Last but not least, fibromyalgia patients may experience disruption of their hypothalamic-pituitary-thyroid (HPT) axis, perhaps due to HPA axis disruption. (5) It is known that fibromyalgia patients have elevated thyroperoxidase antibodies (anti-TPO) compared to people without fibromyalgia. (6) This can mean that patients may have normal thyroid stimulating hormone (TSH) test results according to lab reference ranges but upon more thorough thyroid testing and analysis from a functional medicine perspective they may have a pattern of suboptimal function of the thyroid gland and/or elevated anti-TPO antibodies. This can contribute to weight gain, fatigue, and symptoms of depression.
The good news is that HPA axis dysfunction, circadian rhythm disruption, and thyroid function can be easily tested and effectively treated with natural medicines. A 24-hour salivary adrenal hormone test can determine your pattern of disruption and guide effective treatment strategies using nutrition, lifestyle changes, nutritional supplements and botanical medicines that are appropriate to your specific situation. A blood test for thyroid hormones and thyroid antibodies can enable your provider to determine what, if any, nutritional or supplemental interventions would be helpful to support thyroid health and function.
Gut Health and Immune System
It’s no coincidence that many fibromyalgia patients are initially or concurrently diagnosed with irritable bowel syndrome (IBS) or dyspepsia (indigestion). From a naturopath’s perspective, the health of the digestive system has everything to do with the health of the immune system and the body overall.
A large portion of the immune system is located within the digestive tract, so the health of the digestive system greatly affects the immune system. Problems can arise as a result of chronic stress, poor diet choices, imbalances in the microorganisms in the gut, and decreased production of stomach acid and digestive enzymes. When the digestive system becomes irritated and inflamed, a condition that is commonly referred to as leaky gut develops.
The theory behind leaky gut is that irritation and inflammation of the digestive tract lead to gaps between cells lining the gut that are big enough for large molecules to fit through. (7) In a normal, healthy digestive system only very tiny molecules of fully digested food are allowed to pass from the digestive tract into the blood. When large molecules pass through, they are perceived as foreign invaders by the immune system and the immune system becomes activated in an inappropriate way. This can lead to a wide variety of seemingly unconnected symptoms, many of which are common in fibromyalgia patients.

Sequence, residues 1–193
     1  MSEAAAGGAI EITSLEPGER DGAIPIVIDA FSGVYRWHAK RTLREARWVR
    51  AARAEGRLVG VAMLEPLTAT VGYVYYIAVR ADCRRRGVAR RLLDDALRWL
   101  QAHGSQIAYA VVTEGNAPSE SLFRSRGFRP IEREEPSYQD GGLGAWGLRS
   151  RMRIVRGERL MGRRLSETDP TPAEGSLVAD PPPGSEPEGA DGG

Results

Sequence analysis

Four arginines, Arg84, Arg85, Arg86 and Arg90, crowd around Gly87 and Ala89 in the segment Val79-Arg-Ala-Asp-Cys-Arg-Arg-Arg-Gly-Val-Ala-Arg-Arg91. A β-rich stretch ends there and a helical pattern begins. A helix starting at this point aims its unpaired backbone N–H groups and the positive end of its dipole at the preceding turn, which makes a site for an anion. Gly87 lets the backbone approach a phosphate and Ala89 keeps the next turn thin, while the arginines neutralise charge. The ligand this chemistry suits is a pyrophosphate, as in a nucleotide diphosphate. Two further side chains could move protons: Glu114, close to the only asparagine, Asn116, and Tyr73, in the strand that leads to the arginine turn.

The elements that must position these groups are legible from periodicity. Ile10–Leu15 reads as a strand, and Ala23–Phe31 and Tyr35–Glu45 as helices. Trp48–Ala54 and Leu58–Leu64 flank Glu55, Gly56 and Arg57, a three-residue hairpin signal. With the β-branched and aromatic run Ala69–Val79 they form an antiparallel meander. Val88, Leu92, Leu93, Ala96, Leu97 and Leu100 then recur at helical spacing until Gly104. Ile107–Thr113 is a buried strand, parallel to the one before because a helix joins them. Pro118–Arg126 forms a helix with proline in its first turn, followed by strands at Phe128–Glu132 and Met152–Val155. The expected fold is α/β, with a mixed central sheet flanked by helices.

My strategy for rehabilitating the digestive system generally involves the following steps:
- Identify and temporarily remove foods to which the patient reacts. This can be done through a food allergy elimination diet. There are also blood tests available to assess food reactions.
- Provide targeted supplementation to calm inflammation in the digestive tract and help the gut lining to rebuild.
- Eradicate any inappropriate microbes from the digestive system and supplement with a high potency probiotic.
- Supplement digestive enzymes as needed.
Testing is available to determine how well your food is digested, what microorganisms are living in your digestive system, and to which foods, if any, your immune system reacts. The goal is rehabilitation of the digestive system such that highly restrictive diets and long lists of supplements are not needed long-term.
Environmental toxicity is a suggested contributor to fibromyalgia symptoms, although the mechanism has not been clearly elucidated by research. (8) Toxin exposure happens to all of us on a daily basis, although some people have more significant exposure due to their work or home environments. Toxin exposure can overwhelm the ability of the liver, kidneys, and digestive system to break down and eliminate toxins.
When toxins are not effectively eliminated, several problems occur. The immune system can become inappropriately activated as it reacts to some toxic molecules as though they were foreign invaders. This can lead to widespread symptoms of inflammation. Some toxins are structurally similar to our hormones and can disrupt the feedback mechanisms of our endocrine systems, our hormone levels, and the response of our tissues. Some toxins can interfere with our nervous system function. Some can be stored in our fat tissue.